Even though there was no reference to the Lessons Learnt and Reconciliation Commission’s (LLRC) Report and its recommendation or in the ‘Maithri Manifesto’ this should be a high priority for the new government at its early stages. This will hugely and positively benefit civilians in post-war Sri Lanka in relation to reconciliation.  With regard to the 100 Day Programme or the manifesto “Compassionate Government Maithri A Stable Country” of the present government there is no reference on the subject of illicit weapon in Sri Lanka. But, this must be given a high priority for the new government if the government works towards creating good governance in the country. Peace lovers and good governance supporters dream of good governance from tomorrow and onwards without considering that there are thousands of  illegal automatic weapons under beds and rich armouries in houses that can kill the whole family in a few seconds. Otherwise Sri Lanka’s unarmed civilians will continue to live under the threat of illegal weapons not knowing when they will be targets. This is over to you President!    


 

Signatory for the Arms Trade Treaty (ATT)


Sri Lanka which has been an active member of the United Nations since 1955 should be supportive of the global initiative to crackdown on the global illicit arms trade through regulating them. For this Sri Lanka should become a State party for the ATT of the UN. This needs to be studied seriously to find out why Sri Lanka is not a State Party for the ATT. It is important to note that the previous government has totally neglected to join the ATT which came into effect in 2013. A prominent Sri Lankan diplomat, Ambassador H.M.G.S. Palihakkara chaired and worked tirelessly on the Advisory Board on Disarmament Matters (appointed by the Secretary General of the UN) of its annual two sessions (57th and 58th) of the year 2012 which focused on the ATT at the UN Office for Disarmament Affairs (UNODA).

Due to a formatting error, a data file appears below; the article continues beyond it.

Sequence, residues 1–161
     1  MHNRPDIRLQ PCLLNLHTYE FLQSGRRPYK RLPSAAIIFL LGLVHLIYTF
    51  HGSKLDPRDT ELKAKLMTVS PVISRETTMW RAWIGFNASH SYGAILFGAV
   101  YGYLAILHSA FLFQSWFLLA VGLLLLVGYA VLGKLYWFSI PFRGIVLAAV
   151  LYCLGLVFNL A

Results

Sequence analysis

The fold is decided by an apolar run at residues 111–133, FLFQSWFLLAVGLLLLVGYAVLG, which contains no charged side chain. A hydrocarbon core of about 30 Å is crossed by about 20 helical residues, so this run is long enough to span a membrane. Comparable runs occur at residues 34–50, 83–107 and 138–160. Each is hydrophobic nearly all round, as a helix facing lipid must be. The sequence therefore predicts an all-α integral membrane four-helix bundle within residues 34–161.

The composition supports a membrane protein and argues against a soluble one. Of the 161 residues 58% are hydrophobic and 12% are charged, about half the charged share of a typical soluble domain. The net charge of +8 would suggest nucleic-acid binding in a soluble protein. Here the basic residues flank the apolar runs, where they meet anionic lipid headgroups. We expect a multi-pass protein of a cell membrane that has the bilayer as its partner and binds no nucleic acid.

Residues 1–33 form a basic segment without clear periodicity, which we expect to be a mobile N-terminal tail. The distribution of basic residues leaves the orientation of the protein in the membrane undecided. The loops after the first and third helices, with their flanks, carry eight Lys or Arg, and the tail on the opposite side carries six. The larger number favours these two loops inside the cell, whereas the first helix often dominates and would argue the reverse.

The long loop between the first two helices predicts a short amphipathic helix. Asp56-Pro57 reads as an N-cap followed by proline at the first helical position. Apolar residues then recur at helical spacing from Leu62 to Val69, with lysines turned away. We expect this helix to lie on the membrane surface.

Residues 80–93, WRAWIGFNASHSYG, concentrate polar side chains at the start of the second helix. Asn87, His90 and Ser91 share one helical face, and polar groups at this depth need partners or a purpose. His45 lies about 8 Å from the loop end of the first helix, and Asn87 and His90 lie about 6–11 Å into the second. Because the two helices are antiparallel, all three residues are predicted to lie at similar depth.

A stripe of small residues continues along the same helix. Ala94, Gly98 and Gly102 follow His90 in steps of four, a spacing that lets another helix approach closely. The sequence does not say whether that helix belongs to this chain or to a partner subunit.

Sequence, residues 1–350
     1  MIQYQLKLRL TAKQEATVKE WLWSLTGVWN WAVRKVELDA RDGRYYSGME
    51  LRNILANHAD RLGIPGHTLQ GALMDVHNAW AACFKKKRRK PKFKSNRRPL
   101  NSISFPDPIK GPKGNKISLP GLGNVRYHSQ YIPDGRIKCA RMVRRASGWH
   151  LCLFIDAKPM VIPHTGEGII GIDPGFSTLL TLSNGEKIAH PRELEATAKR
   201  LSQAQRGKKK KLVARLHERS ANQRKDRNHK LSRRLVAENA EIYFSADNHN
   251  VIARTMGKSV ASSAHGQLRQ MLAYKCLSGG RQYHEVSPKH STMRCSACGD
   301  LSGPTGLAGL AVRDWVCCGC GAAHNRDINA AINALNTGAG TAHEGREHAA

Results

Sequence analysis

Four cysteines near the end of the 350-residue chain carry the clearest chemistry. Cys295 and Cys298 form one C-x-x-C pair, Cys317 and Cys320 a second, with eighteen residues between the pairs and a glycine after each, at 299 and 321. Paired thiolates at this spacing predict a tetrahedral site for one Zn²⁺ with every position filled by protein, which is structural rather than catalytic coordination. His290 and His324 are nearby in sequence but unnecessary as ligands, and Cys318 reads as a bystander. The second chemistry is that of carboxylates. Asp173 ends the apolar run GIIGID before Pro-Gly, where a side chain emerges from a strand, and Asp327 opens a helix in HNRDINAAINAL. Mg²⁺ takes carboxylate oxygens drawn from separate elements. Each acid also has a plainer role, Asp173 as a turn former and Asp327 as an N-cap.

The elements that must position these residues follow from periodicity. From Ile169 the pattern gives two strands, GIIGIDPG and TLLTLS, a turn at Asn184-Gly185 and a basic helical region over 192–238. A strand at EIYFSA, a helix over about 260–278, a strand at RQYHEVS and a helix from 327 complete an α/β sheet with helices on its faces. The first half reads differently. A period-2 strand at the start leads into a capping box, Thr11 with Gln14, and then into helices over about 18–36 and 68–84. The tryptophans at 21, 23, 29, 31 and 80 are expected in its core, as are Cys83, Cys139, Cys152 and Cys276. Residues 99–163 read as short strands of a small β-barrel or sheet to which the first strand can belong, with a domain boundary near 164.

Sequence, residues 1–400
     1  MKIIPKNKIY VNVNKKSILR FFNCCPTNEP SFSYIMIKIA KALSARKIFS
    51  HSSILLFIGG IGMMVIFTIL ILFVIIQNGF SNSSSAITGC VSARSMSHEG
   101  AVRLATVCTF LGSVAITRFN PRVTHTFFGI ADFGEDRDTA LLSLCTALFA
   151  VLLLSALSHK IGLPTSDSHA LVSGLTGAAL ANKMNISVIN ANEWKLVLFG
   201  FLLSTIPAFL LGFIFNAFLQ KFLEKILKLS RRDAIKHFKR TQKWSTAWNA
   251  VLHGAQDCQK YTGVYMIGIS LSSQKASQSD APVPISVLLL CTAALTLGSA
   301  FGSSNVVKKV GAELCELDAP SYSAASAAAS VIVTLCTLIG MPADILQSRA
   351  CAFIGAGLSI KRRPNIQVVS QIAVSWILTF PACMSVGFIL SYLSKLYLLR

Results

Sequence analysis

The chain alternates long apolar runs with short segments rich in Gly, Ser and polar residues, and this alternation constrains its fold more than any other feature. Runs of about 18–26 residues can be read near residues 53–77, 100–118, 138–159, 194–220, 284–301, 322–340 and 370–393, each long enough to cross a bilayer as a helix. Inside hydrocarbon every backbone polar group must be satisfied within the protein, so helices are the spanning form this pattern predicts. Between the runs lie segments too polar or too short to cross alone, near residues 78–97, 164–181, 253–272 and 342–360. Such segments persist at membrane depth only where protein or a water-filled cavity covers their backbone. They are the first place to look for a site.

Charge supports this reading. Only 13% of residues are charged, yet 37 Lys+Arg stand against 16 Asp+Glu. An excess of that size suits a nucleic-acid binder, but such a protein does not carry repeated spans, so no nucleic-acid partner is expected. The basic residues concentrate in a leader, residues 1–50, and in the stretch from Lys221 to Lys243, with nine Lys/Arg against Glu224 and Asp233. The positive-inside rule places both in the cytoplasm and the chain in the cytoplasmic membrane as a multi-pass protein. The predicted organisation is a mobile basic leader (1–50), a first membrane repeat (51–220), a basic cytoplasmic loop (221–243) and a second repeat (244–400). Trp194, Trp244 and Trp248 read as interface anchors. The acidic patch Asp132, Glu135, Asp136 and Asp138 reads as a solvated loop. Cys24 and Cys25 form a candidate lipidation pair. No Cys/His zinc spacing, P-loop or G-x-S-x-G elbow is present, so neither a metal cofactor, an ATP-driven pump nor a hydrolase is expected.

The UNDOA Advisory Board is to advise the SG of UN on matters within the area of arms limitation and disarmament, including studies and research under the auspices of the United Nations or institutions within the United Nations system and the implementation of the UN Disarmament Information Programme. The UNODA Advisory Board advised SG on the ATT. And also Conventional Arms Branch (CAB) of UNODA offers support to help facilitate conferences for the U.N. Programme of Action on Small Arms and Light Weapons and the Arms Trade Treaty process, among other agreements. CAB also serves as chair to the U.N. Coordinating Action on Small Arms.

Sri Lanka is an active member of the Parliamentarian for Global Action (PGA). Members of PGA, MPs  are actively promoting universality and implementation of the ATT. The Chairman of the Sri Lankan Chapter of PGA for the previous government was former Minister Nimal Siripala De Silva MP and Secretary Thilanga Sumathipala MP. Both of them work hard to convince the government and general public on the importance of accession and ratification of the ATT by Sri Lanka. But their efforts failed with the previous government. The author of this article himself had several discussions with both the Chair and Secretary on the subject of ATT and its accession by Sri Lanka. They revealed that certain powerful elements within the government were not interested to join the ATT. The Government of Sri Lanka hosted the PGA’s 33rd Annual Forum under the patronage of previous President Mahinda Rajapaksa in 2011 in Sri Lanka.

 The UN General Assembly adopted the ATT as a resolution by the overwhelming majority of 154 “Yes” to ATT  and 3 against  with 23 abstentions which included Sri Lanka on 2nd April 2013 at its 71st Plenary meeting. This was a shame for Sri Lanka since the prominent Sri Lankan diplomat worked as the Chair of the UN SG Advisory Board, a senior Cabinet minister and well known parliamentarian canvassing to accede to ATT by Sri Lanka, Sri Lanka hosted PGA 33rd Annual Forum in 2011. Sri Lanka’s position on this raises many concerns of peace loving people.

This particular treaty will not bring any harm to national security. Being State Party to the ATT will bring many opportunities for Sri Lanka and show the country’s commitment and support towards regulating the illegal arms trade industry which is worth an annual US$ 70billion in the world. This shows the previous government’s failure of engage with the world’s peaceful policies.   


The writer is a freelance researcher on socioeconomic development and disarmament. Currently he is the Country Researcher Sri Lanka for Landmine and Cluster Munition Monitor and the Project Coordinator for the National Languages Project of Sri Lanka. He also volunteered in the field of Wildlife Conservation. His latest publication is on ‘Commonwealth States on Disarmament and Development A Socioeconomic Analysis.’ He can be reached at vidyampa@hotmail.com